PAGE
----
I have intended for a long, long time now to write a blog post about one of my favorite soapbox topics of configuration management – tagging. It can’t be a hard topic to at least understand the principle given we apply tags to Flickr, hashtags to Twitter, and tags to Facebook. The idea is to apply a piece of metadata to some type of content in each of those tools. That’s what we’re talking about with Subversion with the key being that the metadata is applied to a revision of the folders and files that you’ve put under version control. The purpose isn’t that much different in many ways from tagging in those other tools. You want to draw attention to that revision by providing meaning to the set of folders and files that makes that set important to others, or important over the passage of time.
At best, most projects apply a tag to the revision they approve for deployment into production. That means that the casual user or the new employee months or years later can see on-going development through the individual commits and associated changesets, but it appears as though one day the project team was developing as usual and then the next they suddenly felt the code was worthy of being put into production. Now that’s not usually what happens (one can never say never in some organizations) as instead the project team has a logical and often multi-step process through which to move a revision of code before it is deemed production worthy. Without tags, that information is lost and when someone asks about the process and where it might be improved, they are left with harvesting human recollections that are inherently flawed. A negative event is much like a criticism in that it carries more weight than its opposite. I’ve heard it said that it takes seven compliments to overcome one criticism. I don’t if that’s the right ratio, but it is obvious that it isn’t one to one. If we want to be able to talk accurately about what has gone on historically, we need to have it recorded in a way that keeps it correct and unchangeable.
The value of knowing what a particular engineer did on a particular day at a particular point in time is of quickly decreasing interest over time. The value of knowing what happened in our process of moving developed code to production code is likely to become more value with the passing of time. Oftentimes we just haven’t been asked the questions that require us having that information available yet, so we can’t appreciate its value. We’ve also found that tagging, labeling, or whatever a previous tool did to track this data becomes a drag on performance and scalability over time. We might appreciate some value in having this data tracked, but the trade-off for performance and scalability didn’t make it worth the effort.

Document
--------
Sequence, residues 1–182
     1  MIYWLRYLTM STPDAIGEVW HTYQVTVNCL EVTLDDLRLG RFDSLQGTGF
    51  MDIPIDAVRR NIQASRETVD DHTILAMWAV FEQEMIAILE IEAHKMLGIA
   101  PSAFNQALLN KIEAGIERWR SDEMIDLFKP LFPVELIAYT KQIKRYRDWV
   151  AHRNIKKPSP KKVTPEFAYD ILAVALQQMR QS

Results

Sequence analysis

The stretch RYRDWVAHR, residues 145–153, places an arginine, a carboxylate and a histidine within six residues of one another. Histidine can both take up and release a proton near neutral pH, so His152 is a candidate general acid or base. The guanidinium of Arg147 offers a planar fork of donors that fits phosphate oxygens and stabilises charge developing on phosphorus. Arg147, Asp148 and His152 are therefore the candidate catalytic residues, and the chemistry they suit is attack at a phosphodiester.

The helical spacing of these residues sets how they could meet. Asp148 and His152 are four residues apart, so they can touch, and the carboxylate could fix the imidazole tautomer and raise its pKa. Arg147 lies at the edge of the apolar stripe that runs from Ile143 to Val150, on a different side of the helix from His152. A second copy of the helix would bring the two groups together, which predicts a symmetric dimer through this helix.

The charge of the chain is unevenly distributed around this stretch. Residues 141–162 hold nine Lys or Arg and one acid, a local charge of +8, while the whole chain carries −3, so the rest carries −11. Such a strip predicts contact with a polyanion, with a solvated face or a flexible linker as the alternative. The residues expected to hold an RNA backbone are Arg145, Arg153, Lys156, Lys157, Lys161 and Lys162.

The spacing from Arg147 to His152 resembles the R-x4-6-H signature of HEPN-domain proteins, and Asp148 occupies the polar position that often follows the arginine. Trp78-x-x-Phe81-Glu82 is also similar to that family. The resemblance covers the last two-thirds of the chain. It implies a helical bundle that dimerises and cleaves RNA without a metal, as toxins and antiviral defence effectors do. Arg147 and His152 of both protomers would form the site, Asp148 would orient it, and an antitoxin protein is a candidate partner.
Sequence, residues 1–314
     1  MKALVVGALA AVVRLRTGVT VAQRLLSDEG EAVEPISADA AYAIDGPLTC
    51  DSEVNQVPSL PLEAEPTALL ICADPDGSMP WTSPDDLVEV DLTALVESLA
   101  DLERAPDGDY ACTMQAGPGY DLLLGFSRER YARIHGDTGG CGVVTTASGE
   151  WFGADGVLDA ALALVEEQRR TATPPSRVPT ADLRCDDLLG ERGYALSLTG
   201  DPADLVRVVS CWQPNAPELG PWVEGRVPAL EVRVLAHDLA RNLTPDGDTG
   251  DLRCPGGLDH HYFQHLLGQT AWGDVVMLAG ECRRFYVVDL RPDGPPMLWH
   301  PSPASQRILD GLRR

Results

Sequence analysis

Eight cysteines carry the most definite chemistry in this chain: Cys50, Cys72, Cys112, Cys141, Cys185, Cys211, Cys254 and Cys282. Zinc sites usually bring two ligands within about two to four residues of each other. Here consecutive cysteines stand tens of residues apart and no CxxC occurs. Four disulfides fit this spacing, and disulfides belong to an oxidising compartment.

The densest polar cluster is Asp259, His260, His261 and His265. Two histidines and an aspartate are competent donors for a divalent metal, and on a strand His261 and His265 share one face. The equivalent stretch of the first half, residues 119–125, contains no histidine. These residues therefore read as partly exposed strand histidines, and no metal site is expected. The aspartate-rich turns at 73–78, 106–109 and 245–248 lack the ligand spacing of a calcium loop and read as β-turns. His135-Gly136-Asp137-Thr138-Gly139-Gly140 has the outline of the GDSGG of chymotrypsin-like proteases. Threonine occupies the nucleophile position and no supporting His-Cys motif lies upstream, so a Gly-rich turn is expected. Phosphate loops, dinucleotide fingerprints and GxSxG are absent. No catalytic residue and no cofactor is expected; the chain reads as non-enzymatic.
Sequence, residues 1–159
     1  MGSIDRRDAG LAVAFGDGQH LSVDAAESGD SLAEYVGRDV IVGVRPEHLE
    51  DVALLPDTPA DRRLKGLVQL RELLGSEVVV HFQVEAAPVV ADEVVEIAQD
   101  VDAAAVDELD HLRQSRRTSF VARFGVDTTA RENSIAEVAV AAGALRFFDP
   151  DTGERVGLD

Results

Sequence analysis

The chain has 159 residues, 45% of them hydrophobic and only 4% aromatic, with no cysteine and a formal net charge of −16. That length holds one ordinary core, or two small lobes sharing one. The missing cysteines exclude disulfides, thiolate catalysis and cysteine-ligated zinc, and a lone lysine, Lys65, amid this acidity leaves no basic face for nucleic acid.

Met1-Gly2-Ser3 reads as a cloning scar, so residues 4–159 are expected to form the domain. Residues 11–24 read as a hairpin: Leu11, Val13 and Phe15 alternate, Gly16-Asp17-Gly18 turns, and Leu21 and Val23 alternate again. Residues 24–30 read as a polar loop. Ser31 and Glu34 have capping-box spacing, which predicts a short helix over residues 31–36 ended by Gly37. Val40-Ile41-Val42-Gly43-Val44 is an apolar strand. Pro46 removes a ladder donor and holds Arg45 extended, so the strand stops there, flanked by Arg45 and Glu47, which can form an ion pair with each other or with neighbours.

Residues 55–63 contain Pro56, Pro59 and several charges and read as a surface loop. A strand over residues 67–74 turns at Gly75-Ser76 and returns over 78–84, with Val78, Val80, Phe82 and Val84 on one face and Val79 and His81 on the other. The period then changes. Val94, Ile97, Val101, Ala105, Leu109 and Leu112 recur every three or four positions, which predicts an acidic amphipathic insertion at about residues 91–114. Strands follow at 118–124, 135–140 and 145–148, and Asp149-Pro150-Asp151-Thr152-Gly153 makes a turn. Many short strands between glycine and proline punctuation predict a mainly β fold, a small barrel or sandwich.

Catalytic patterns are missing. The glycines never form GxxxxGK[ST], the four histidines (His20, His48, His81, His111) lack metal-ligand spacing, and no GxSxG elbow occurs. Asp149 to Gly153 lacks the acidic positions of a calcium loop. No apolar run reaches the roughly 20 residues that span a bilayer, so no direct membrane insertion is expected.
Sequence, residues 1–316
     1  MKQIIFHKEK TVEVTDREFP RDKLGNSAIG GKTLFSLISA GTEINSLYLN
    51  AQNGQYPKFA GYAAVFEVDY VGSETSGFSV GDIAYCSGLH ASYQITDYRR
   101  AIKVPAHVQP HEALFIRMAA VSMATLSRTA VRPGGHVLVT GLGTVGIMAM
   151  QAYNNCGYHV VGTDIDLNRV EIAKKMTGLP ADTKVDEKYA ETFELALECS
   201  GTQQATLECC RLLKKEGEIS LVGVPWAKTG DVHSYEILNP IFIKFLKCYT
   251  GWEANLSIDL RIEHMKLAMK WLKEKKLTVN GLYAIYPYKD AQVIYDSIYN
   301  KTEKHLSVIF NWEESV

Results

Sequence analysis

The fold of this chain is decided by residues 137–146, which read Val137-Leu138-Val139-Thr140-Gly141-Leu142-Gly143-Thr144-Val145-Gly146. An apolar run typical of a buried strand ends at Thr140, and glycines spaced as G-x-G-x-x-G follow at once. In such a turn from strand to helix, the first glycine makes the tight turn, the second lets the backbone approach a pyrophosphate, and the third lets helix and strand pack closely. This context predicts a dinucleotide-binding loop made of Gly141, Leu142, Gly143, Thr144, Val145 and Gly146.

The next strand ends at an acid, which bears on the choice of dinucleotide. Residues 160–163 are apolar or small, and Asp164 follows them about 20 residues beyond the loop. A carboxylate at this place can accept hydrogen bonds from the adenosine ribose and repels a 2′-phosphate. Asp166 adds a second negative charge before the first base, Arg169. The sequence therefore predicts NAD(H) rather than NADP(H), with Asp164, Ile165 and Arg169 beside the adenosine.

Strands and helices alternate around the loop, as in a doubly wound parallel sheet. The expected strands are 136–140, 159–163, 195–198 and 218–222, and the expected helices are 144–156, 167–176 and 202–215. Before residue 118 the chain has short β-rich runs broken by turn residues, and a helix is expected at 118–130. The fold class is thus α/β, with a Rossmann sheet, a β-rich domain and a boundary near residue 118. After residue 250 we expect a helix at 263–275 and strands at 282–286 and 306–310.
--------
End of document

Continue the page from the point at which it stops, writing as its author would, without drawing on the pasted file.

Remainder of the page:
Subversion tackles the issue of tagging in the exact same manner as it does branching, but obviously the use of the result is quite different for tagging than it is for branching. The process of creating a tag is consistently quick and with low overhead no matter how few or how many folders and files we’re using. In most cases, we’re talking about capturing two small pieces of data to define our tag – a pointer to the folder at the top of the structure we want tagged, and a global revision number indicating the point in time we want captured. The time and space doesn’t change if the structure contains five folders and a hundred files or if it contains 500 folders and 100,000 files. That means there is no downside to using this functionality to capture the various stages of our “promotion” process, but there is certainly a lot of potential upside. Think about how you would answer the following questions accurately without this data:
- How many times was there a handoff from development to the release engineer before a successful test candidate could be built?
- How many times did we go through phase M before we were successful and able to move on to phase N?
- How much time did we spend in phase M?
- Where do we spend the most time in our “promotion” model on average?
- How much time does it take for us to get a release out once we’ve started down the “promotion” process?
- What files are doing the most thrashing through the “promotion” process?
- Who’s consistently responsible for the code issues that cause us to spend time fixing bugs and producing a new test candidate?
For many organizations applying these extra tags is a new part of their processes, but with a little time spent understanding the low cost and high value should make it obvious to add tagging. Even if your tags are more complex than the simple ones discussed above, you would be hard pressed to make a case that the potential value doesn’t significantly outweigh any cost. In short tagging is a #nobrainer.